Adding a page to its broadband-centric game plan, Cable One has made "small" investments in two fixed wireless companies to help the cable operator beam broadband services to nearby areas that are out of reach of its cable networks and also don't justify the costs of a network buildout.
Cable One recently closed investments in two wireless ISPs to help it extend a bridge to neighborhoods that are in close proximity to the cable op's geographic footprint, Steven Cochran, Cable One's SVP and CFO, said Monday on the company's first-quarter earnings call.
Cable One, which has rebranded as Sparklight, has not disclosed the names of the fixed wireless companies it has invested in, but it's possible that they will be revealed in documents filed with the SEC in the coming weeks.
"We are agnostic on the technology that will deliver broadband into rural America," said Julie Laulis, Cable One's president and CEO. "We consider [broadband] our space, so we'll do whatever it takes to bring people the connectivity that they need."
Cochran said Cable One has no intention of adding satellite broadband to its tech arsenal but noted that the operator is particularly keen on using point-to-point fixed wireless technology to reach low-density areas where it's not economical to build a wired network.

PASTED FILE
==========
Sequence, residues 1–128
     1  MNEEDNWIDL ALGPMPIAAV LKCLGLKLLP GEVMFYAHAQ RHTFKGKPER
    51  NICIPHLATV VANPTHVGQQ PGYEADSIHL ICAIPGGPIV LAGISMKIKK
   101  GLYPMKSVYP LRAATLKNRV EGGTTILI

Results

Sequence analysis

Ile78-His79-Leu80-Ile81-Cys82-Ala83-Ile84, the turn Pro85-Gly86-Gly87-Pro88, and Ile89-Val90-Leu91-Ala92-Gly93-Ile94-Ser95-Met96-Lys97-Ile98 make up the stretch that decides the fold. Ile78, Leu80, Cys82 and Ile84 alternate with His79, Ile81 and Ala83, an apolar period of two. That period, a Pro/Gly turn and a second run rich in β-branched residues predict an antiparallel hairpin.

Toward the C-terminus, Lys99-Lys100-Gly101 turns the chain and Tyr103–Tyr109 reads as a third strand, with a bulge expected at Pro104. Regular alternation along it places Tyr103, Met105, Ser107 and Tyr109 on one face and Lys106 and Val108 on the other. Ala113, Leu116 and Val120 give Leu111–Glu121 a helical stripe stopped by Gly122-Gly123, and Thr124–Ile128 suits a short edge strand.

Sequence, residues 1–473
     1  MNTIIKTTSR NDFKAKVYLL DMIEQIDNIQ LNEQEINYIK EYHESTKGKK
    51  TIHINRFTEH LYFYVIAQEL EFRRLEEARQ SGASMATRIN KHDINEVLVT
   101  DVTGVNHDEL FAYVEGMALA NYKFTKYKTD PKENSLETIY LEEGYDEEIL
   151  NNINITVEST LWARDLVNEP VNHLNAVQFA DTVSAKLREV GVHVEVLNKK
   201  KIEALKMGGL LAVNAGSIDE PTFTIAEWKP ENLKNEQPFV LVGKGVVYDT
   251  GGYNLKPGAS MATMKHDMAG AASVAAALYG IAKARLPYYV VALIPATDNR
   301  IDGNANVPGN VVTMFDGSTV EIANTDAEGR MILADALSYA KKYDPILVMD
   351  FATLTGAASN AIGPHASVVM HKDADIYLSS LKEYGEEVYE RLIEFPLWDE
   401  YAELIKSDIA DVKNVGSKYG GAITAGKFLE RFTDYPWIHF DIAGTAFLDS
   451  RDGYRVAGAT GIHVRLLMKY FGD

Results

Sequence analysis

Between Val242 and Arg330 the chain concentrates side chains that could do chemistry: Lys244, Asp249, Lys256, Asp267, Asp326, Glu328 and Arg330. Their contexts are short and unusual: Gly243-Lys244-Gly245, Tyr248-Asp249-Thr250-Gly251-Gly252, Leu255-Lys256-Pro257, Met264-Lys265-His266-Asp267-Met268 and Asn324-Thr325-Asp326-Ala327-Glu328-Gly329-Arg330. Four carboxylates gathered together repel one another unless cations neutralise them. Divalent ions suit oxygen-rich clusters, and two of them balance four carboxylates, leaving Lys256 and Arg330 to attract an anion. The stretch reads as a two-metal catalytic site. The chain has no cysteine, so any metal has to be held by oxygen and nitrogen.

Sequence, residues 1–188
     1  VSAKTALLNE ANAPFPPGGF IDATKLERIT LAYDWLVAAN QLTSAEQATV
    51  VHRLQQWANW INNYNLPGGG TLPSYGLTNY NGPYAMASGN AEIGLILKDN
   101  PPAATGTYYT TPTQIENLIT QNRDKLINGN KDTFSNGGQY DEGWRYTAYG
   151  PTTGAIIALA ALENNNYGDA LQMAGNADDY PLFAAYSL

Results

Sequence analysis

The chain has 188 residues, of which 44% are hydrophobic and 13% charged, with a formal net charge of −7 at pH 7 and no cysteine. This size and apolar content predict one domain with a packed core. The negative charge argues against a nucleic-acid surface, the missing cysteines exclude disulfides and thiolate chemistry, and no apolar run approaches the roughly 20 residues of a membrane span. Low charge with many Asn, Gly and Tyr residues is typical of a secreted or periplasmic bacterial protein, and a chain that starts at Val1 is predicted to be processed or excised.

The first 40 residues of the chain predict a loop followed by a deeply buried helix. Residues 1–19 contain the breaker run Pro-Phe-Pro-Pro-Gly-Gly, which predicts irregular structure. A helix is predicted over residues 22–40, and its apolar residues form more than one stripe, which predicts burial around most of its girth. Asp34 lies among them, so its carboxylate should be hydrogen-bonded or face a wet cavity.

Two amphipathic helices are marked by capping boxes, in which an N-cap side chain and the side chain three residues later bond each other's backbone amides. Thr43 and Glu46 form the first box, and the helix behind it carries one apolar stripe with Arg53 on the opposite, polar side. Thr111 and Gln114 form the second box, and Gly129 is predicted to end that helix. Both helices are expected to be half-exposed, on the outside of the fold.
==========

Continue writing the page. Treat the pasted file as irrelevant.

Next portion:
"That leaves the opportunity to still provide those customers that surround our communities with a technology that still provides a broadband-level service," Cochran said, noting that Cable One has been pursuing this idea by deploying the technology itself in a handful of markets alongside making investments in companies that are already in the wireless ISP game.
Laulis also signaled that Cable One would have some interest in upcoming spectrum auctions to aid its wireless strategy. Among the auctions coming up, the FCC plans to start one for the 3.5GHz CBRS band on July 23, and its auction for 280MHz of spectrum in the C-Band remain is still on track for December 2020.
It faces an uphill climb, but Viasat is exploring a plan to build 300 low-earth orbit satellites that could deliver low-latency broadband service and qualify for the US Rural Digital Opportunities Fund.
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